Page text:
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Please Queue Here‘s second exhibition LINGUA FRANCA proposes a study of the nascent trend of Neo-narrational practices in art. Steering away from the structuralist treatment of language in the art of the 1960s, the works included in this show emphatically and intentionally return to utilising language as a material through which narratives and storylines become the subject. Instead of deconstructing language and thereby highlighting its literal usage, they address metaphorical utterances that represent meanings and create narrational structures.

Building on and extending Please Queue Here‘s inaugural project Tactile Amnesia that examined how contemporary artists have developed a novel fascination with traditional materials, LINGUA FRANCA delves into the revival of the narrative in contemporary art.

LINGUA FRANCA shows works by James Sirrell, Miriam Naeh, Paolo Salvador, Phillip Reeves, and Rachel Cheung and is curated by Charlotte Knaup.

Download the full press release here.

Download the exhibition booklet here.

From December 2020

I have made lots of mistakes but I have never been wrong reflects on the contradictory intentions and sticky nature of creating and participating in larger and smaller (creative) networks in which one may simultaneously exist in states of precarity and complicity. The show’s title is taken from a post by the Twitter user @GailWalden6, an example of a “shitpost” account, which derive their humour and efficacy from how they relate to the very specific context of the mediated online communication network in which they appear: A simulacrum of society, complete with mores and power dynamics that are naturalised to the point of invisibility. PQH has invited Rachel Cheung, Héloïse Delègue, Miriam Naeh, Phillip Reeves, and James Sirrell to participate in this group exhibition and posed the question of how relationships and networks play a role in their works, be it through means of intimate autobiographical references, reflections on societal and personal power relations, or the aesthetics of capitalism. Looking at how the practices of this core artist group that the platform has been built with are anchored in and simultaneously expand and uncover the networks in which artistic expression is conceived, shared, and capitalised on, I have made lots of mistakes but I have never been wrong finds the absurdity inherent in navigating a system that one is reliant on and at the same time profoundly critical of.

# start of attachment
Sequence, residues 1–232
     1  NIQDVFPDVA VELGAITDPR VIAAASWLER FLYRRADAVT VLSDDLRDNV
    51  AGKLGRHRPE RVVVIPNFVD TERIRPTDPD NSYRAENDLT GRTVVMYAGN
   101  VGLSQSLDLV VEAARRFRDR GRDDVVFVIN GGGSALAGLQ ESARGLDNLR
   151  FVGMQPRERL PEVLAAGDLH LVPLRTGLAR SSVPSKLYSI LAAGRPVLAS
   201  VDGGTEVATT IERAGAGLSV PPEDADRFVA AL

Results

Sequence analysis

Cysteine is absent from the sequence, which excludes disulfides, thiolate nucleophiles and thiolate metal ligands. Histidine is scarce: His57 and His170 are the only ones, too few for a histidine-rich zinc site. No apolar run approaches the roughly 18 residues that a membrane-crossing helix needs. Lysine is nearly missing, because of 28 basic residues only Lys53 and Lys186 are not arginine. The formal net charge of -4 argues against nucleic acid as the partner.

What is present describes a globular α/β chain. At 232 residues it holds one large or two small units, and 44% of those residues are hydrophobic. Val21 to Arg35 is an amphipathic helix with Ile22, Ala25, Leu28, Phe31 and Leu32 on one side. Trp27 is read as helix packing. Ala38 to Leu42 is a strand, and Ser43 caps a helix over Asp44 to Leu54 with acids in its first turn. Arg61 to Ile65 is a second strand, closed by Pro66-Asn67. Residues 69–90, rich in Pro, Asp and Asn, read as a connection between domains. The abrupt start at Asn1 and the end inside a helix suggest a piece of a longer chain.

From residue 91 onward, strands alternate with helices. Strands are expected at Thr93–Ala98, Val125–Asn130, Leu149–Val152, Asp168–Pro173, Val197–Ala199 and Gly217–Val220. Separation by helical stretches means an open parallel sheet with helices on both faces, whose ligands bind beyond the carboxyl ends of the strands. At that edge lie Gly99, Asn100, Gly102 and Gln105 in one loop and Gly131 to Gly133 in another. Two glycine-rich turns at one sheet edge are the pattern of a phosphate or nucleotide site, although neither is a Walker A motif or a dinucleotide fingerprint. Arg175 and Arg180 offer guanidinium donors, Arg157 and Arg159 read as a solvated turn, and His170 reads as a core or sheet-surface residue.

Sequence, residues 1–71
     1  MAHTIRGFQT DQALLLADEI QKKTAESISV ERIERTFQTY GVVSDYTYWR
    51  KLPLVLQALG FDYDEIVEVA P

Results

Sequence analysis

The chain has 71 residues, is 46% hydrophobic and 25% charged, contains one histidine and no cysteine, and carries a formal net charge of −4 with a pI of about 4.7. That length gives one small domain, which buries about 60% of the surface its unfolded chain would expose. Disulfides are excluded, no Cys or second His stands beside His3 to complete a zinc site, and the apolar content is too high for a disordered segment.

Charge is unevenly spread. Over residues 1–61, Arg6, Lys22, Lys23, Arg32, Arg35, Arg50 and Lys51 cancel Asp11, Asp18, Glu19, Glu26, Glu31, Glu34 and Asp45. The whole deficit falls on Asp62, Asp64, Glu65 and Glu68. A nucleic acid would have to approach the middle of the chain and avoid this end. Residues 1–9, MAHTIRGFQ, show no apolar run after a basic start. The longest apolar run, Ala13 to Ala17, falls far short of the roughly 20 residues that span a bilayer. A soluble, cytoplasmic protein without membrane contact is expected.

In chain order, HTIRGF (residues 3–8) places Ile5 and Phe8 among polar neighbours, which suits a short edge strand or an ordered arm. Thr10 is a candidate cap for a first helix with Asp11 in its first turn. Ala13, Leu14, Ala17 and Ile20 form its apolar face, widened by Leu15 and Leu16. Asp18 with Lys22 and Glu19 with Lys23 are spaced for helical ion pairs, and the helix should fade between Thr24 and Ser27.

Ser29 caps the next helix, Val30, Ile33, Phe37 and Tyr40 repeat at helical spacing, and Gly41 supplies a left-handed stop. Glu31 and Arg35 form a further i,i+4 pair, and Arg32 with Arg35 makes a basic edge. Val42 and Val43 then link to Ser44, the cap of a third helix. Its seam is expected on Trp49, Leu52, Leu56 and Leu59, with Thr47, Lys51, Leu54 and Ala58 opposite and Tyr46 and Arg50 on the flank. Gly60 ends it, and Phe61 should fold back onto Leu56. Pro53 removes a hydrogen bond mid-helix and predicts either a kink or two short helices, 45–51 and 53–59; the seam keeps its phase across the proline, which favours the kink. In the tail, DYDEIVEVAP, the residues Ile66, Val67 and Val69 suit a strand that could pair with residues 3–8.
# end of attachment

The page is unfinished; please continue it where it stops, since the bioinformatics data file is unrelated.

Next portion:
I have made lots of mistakes but I have never been wrong was originally conceived as a physical real life show and meant to open in March of this year. Due to the ongoing global COVID-19 crisis, the artists and PQH have translated this exhibition into an online format. When the show was cancelled, the artists found themselves at different stages in their work process, so that suddenly spread across six different countries (US, UK, Israel, Portugal, France, and Germany), we all tried to consciously engage with the challenges this transition has posed and documented the process in a small archival journal. The online space, which once was only a starting point of research and origin of the show's title, has now become the main means of communication and primary exhibition site. 

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